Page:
By various means the heads of the Jewish communities tried to avert deportation. It would seem that the first to intervene at their request was one Dr. Stroescu, Antonescu ‘ s personal physician In a statement after the war Baron Mocsoni-Styrcea, who had had close ties to the Romanian royal house, stated that Neumann and Max Auschnitt (a wealthy Jewish industrialist) donated in a three-day period to Maria Antonescu’s Patronage Society four billion lei (fifty million Swiss francs). In any event, we know that the Germans were informed on those attempts to halt deportations. Chief Rabbi Alexandru Safran also intervened before Metropolitan Balan of Transylvania (whose anti-Semitic views were well known), begging him to intercede with Antonescu. The metropolitan met with Safran in Bucharest, and the former did intercede, most likely supported by Queen Mother Elena. The apostolic nuncio Andrea Cassulo interceded with Antonescu too, as did Swiss diplomat Rene de Weck.21 Whether or not such entreaties had an effect, Antonescu decided to temporarily postpone enactment of the deportation orders. Meanwhile, German-Romanian negotiations regarding the dispatch of Romanian Jews to Nazi camps continued.

On August 17, 1942, Luther informed Ernst von Weizsacker, Ernst Woermann, and Foreign Minister Ribbentrop that Mihai Antonescu and Marshal Antonescu had given their consent to the deportation and had agreed that transports would begin from the districts of Arad, Timisoara, and Turda. Lecca wished to come to Berlin to discuss the details with the Foreign Office and the RSHA. A few days later Luther wrote to the legation in Bucharest that Lecca was definitely coming to the German capital.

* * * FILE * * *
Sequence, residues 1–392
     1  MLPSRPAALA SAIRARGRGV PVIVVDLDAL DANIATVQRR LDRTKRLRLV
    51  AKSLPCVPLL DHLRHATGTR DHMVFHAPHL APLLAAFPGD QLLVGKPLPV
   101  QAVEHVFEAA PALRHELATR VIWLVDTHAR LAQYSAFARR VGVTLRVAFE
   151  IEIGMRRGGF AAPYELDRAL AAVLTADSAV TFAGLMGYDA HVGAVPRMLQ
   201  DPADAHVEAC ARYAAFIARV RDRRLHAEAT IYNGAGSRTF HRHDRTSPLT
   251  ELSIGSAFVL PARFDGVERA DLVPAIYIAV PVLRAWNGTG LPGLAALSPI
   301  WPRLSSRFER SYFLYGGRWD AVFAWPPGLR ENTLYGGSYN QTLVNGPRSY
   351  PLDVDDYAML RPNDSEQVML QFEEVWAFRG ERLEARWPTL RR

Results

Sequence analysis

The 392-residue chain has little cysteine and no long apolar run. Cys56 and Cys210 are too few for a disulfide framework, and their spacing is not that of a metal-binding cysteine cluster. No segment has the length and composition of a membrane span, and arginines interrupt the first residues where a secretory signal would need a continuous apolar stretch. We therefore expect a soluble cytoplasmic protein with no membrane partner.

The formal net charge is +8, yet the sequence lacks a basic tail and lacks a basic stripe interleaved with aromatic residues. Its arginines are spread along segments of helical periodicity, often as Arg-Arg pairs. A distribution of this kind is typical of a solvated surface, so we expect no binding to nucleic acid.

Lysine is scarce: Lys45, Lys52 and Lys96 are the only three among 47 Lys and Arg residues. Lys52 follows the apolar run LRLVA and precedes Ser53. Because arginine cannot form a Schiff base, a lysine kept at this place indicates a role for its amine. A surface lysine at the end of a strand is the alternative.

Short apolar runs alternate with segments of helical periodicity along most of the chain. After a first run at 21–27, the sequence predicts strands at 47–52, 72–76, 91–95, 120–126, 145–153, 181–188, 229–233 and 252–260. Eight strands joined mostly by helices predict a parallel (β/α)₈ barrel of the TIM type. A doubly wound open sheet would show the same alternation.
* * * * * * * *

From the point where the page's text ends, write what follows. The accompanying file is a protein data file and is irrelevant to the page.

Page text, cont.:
Lecca visited Berlin sometime during the week of August 20. It seems that in Abteilung Deutschland [the Germany section of the RSHA] his visit was regarded as a mere formality. The two Antonescus had, after all, already voiced their agreement, and Lecca was not considered an important Romanian personage. In Berlin Lecca therefore received the brush-off treatment. That was a mistake. When he returned to Romania on or about August 27, the German diplomats were already aware that things had gone wrong.

But, as Hilberg has pointed out, the Romanians were no longer enthusiastic. This was compounded by the German-Romanian differences over economic and ethnic problems emerging in Transnistria. On September 11, Lecca submitted to Mihai Antonescu a plan for the “ evacuation” of Jews from Banat and Transylvania, with the exception of those „who had demonstrated . . . that they fit into the spirit of the Romanian nation and those useful to the economy and trade.” During the evacuation, Lecca proposed, a group of three thousand Jews among those slated for deportation to Poland might be allowed to emigrate to Palestine in exchange for two million lei. These exceptions made Lecca’s plan slightly more lenient than that for the deportations from Bessarabia and Bukovina the previous year, when (aside from twenty thousand Jews in Cernauti) there had been no permission to emigrate.

Richter ‘ s plan resembled the Romanian version, but there were differences: some categories were still exempted (for now), and of course the German plan did not mention any emigration to Palestine. The plan did, however, provide details about transports to Poland, their security, and transfer to the Germans at the border post of Sniatin. The Central Jewish Office would be made to finance the deportations.

On September 13, 1942, the Jewish New Year, U.S. Secretary of State Cordell Hull may have issued a message of solidarity to the European Jews over the radio. According to a subsequent memorandum from Richter to von Killinger, the Swiss legation in Bucharest had forwarded a message from Hull (U.S. interests were represented by the Swiss legation) that condemned the deportations and threatened the Romanian government with reprisals against Romanians in the United States. Hull’s alleged message definitely had an impact in Romania.

On September 23, the General Administration of the Romanian Railroads (CFR) informed Radu Lecca that it had been invited to take part in a conference to be held in Berlin on September 26 and 27 concerning the transport by train of Jews from Romania to Poland. The conference took place with the participants discussing the transfer of 280,000 Romanian Jews to Belzec.